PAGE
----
stepgrandparents and relational ambiguity

Charles Doyle cdoyle at UGA.EDU
Thu Jan 22 12:56:02 UTC 2009

In Elizabethan English (and other dialects), the specifiers "step-," "half-," and "-in-law" can disappear, much to the confusion of present-day students (as in the deadly riddle told at the beginning of Shakespeare's _Pericles_).

Of course, kinship terminology as it relates to conceptions of "family" is a long-standing interest of anthropoligists.


---- Original message ----
>Date: Thu, 22 Jan 2009 01:22:08 -0800
>From: Benjamin Barrett <gogaku at IX.NETCOM.COM>
>Brother and sister as well as uncle and aunt are ambiguous in some
>cultures as you have to indicate younger or older. I think Cantonese,
>for example, has a number of these. Japanese has the bizarre case
>where "cousin" is pronounced as "itoko" but is written four different
>ways depending on whether the cousin is older or younger, male or
>-in-law is one I personally am not exactly clear about. Is my sister's
>husband's brother my brother-in-law? I tend to think yes, but there
>seems to be a pragmatic consideration that comes into play, such that
>if you're telling a story, you might use brother-in-law to get on with
>the story, but explain it more carefully or use something like
>"friend" in other contexts. Kissing cousin probably works, though it's
>not very common.
>Another sort of ambiguity is "my grandmother," one that implies that
>you have only one living, though that's not necessarily the case. My
>friend (instead of a friend of mine) also has this problem.
>On Jan 22, 2009, at 1:10 AM, Victor wrote:
>> I find the term "stepgrandparents" fascinating not because there is
>> anything wrong with it, but because it has a built-in ambiguity
>> similar
>> to brother-in-law. Is the brother-in-law a brother of the spouse or
>> the
>> spouse of a sister? Is a stepgrandmother a mother of a stepparent or a
>> stepmother of a parent? (or a stepmother of a stepparent? ;-)
>> There are 490,000 raw hits for stepgrandmother and more than twice
>> that
>> for stepgrandparent.
>> In any case, the word came up today because of an Obama story in
>> NYT. (A
>> Portrait of Change)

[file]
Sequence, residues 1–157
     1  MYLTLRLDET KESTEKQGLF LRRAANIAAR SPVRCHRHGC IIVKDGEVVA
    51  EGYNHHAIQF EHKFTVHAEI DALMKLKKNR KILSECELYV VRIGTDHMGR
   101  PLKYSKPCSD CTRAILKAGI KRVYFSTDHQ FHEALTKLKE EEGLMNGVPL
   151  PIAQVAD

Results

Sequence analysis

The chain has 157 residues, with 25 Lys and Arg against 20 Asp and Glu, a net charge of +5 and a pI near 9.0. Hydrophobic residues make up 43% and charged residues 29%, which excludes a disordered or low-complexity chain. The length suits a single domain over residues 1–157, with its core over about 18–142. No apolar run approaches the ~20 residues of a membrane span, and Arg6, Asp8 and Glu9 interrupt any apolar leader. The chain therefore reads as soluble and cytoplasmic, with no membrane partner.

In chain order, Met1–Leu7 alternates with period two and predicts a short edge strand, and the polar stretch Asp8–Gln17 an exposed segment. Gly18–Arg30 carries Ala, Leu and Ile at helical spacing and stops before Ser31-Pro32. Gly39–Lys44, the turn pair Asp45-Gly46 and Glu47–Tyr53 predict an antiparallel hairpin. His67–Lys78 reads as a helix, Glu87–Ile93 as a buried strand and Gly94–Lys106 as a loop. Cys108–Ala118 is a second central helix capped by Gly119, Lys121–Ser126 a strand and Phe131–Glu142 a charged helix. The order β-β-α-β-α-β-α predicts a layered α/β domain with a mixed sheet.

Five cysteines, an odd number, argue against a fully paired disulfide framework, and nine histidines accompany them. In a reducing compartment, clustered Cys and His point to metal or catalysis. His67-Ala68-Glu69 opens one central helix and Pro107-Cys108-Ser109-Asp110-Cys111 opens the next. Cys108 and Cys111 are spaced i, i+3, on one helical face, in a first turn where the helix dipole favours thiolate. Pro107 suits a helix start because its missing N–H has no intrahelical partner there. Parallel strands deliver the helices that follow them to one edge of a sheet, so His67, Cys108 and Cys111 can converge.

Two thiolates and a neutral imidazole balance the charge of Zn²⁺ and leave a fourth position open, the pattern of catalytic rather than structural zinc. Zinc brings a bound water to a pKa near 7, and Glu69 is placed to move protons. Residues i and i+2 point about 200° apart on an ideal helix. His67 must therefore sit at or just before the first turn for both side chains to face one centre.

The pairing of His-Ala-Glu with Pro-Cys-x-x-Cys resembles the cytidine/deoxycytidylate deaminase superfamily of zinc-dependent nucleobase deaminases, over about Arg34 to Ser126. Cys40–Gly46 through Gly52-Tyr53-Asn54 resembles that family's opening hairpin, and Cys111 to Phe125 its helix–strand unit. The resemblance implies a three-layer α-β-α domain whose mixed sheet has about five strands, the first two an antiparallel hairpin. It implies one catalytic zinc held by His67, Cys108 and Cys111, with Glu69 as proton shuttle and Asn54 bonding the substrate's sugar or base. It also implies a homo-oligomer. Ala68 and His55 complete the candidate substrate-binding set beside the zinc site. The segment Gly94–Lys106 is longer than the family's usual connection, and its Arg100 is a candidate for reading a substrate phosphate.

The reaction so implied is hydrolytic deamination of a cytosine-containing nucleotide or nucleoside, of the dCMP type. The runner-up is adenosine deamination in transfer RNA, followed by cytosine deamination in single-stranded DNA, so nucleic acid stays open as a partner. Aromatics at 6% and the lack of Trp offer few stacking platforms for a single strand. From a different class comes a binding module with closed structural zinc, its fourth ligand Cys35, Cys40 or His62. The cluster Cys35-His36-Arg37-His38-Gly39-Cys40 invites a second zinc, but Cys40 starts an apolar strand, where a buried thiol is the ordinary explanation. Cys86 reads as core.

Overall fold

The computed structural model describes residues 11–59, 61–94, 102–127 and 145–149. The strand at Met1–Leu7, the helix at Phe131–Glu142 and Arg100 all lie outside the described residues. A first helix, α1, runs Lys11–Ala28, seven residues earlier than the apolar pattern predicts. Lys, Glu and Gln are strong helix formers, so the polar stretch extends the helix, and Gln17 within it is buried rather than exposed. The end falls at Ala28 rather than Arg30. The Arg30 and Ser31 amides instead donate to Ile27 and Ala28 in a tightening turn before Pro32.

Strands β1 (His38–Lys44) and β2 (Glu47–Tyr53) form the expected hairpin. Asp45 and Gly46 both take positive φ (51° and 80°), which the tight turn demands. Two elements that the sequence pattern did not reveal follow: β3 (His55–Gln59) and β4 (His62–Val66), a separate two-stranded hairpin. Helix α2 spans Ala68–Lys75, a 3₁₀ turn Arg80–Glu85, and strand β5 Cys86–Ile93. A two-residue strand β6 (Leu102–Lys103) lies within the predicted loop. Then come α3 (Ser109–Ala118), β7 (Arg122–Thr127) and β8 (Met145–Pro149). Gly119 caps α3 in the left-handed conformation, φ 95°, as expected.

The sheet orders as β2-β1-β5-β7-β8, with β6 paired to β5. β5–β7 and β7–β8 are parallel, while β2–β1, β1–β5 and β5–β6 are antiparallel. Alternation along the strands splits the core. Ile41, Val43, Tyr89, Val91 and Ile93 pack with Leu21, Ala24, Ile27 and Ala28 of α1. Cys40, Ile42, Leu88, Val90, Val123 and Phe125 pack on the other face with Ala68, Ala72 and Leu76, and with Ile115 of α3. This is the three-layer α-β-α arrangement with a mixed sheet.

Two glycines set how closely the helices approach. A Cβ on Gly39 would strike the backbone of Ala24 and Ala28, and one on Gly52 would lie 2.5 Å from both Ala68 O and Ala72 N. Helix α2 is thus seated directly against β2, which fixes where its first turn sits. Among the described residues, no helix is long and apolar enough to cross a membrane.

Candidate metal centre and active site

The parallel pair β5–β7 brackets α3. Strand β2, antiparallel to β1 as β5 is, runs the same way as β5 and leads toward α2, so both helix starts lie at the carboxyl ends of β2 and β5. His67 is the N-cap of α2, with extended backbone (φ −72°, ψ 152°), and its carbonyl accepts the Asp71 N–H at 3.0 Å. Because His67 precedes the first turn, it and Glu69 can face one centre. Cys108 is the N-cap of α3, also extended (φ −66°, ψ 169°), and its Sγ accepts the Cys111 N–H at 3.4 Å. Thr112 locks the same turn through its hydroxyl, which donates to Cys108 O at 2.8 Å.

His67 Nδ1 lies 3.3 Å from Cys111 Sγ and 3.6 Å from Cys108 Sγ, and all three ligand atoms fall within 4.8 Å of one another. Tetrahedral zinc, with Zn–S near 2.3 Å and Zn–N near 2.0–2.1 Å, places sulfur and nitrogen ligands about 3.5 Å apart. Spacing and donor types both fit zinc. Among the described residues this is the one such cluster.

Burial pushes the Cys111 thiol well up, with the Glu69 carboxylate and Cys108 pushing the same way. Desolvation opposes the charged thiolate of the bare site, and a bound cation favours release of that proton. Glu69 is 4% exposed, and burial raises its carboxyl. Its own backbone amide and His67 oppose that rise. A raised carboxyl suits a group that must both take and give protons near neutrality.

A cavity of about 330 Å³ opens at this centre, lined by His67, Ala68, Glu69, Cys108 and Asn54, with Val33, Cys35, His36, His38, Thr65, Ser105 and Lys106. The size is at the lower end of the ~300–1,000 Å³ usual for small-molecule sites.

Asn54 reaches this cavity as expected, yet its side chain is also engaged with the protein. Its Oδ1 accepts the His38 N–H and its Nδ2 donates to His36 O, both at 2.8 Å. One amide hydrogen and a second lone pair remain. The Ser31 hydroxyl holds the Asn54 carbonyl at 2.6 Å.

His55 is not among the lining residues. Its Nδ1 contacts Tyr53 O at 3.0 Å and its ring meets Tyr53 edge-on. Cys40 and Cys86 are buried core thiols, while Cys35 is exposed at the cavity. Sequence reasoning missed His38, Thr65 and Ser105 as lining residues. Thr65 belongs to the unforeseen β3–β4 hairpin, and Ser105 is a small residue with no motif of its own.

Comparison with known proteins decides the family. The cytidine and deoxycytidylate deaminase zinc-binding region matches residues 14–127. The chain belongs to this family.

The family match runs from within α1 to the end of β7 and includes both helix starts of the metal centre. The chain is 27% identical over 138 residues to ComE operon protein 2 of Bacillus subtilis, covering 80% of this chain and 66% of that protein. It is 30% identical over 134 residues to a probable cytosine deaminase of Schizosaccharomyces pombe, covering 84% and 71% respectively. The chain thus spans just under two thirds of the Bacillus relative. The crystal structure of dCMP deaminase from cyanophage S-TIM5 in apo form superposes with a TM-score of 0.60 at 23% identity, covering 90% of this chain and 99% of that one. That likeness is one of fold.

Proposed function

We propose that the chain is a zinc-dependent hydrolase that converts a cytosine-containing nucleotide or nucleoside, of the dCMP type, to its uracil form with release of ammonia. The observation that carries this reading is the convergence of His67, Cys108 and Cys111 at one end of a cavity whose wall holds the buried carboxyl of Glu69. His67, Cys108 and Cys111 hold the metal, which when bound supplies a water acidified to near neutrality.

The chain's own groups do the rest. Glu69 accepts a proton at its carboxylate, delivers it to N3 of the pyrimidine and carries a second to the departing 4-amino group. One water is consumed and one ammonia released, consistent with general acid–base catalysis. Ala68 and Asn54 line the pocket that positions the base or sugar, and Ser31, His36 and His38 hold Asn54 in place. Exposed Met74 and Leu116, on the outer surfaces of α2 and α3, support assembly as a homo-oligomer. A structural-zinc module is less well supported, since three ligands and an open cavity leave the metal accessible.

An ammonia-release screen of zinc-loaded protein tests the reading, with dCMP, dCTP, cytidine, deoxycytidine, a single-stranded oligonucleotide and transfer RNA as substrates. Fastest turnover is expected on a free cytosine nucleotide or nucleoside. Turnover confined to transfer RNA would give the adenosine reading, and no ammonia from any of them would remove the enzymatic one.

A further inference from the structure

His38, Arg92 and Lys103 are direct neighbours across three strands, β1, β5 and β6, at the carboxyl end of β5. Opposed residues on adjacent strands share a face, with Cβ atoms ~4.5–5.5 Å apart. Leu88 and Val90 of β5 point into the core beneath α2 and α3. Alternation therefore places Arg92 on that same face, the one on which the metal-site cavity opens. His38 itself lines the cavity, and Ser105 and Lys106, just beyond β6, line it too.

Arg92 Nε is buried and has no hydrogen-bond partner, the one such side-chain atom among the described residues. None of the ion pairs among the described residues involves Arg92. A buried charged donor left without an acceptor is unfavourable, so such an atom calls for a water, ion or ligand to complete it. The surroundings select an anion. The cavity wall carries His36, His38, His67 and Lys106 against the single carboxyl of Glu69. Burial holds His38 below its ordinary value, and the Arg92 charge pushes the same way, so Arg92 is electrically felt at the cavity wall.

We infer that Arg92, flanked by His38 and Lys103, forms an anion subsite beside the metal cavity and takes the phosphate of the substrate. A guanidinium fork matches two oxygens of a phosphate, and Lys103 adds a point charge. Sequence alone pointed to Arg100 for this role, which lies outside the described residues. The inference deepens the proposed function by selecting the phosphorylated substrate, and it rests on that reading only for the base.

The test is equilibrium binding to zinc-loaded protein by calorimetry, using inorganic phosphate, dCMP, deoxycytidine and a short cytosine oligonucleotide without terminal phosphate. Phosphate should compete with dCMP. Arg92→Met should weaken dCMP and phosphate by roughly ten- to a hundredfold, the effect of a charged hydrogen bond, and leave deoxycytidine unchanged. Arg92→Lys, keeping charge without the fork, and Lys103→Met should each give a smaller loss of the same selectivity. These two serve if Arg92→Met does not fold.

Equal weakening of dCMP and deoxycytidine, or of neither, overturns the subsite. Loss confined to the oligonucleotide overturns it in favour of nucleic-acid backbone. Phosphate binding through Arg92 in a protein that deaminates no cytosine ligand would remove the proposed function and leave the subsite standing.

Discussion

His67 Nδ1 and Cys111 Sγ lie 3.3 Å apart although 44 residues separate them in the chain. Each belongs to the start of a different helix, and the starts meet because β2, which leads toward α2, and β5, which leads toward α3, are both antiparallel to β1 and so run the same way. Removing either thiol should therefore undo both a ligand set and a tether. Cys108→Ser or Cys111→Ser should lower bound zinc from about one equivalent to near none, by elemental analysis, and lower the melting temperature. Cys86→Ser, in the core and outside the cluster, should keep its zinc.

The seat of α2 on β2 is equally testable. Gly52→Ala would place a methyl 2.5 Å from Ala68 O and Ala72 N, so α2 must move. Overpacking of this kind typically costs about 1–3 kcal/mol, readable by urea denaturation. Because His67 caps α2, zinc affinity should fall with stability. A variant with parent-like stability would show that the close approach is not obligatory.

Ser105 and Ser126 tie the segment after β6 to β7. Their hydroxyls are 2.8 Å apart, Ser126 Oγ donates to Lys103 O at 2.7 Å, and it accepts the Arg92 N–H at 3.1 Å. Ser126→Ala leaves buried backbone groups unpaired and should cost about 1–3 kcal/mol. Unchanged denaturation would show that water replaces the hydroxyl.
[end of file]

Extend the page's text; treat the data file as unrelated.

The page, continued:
>> <
>> >
>> Very few are wealthy, and some — like Sarah Obama, the stepgrandmother
>> who only recently got electricity and running water in her metal-
>> roofed
>> shack — are quite poor.
>> Turns out that the ambiguity is easily resolved in this particular
>> case--but not the way a friend expected when I asked.
>> <>
>> A Palisades Park family’s unlikely meeting with President-elect Barack
>> Obama’s step-grandmother in Kenya last month had its roots a year
>> earlier in a crowded hockey arena in Manchester, N.H.
>> ...
>> Sarah Hussein Oyango Obama, who is about 86, was the third wife of
>> Obama’s grandfather, but the president-elect calls her his
>> grandmother.
>> “Mama Sarah,” as she is known, lives in Kogelo, a tiny village in
>> western Kenya. Her sparse tin-roofed house has no electricity or
>> running
>> water.
>> Never mind that NYT seems to imply that "Mama Sarah" got electricity
>> and
>> running water in the past month, if not this week. (The Bergen Record
>> story ran Jan. 14.)
>> I don't know if this is of any linguistic interest, but *I* am
>> interested in other possible cases of similar ambiguity. In fact, I
>> have
>> more than a passing interest in typology of such structural
>> ambiguities.
>> (E.g., "cousin", "parent" and "spouse" would be trivial examples of a
>> different type; "brother-in-law" would be of the same type.) Any
>> ideas?
>> VS-)
>> PS: Note that these ambiguities are language/culture specific and
>> notoriously do not translate well (which is a good reason to analyze
>> this--try to run Google Translate on "she is your cousin" into
>> Russian,
>> then ask a native speaker to verify).

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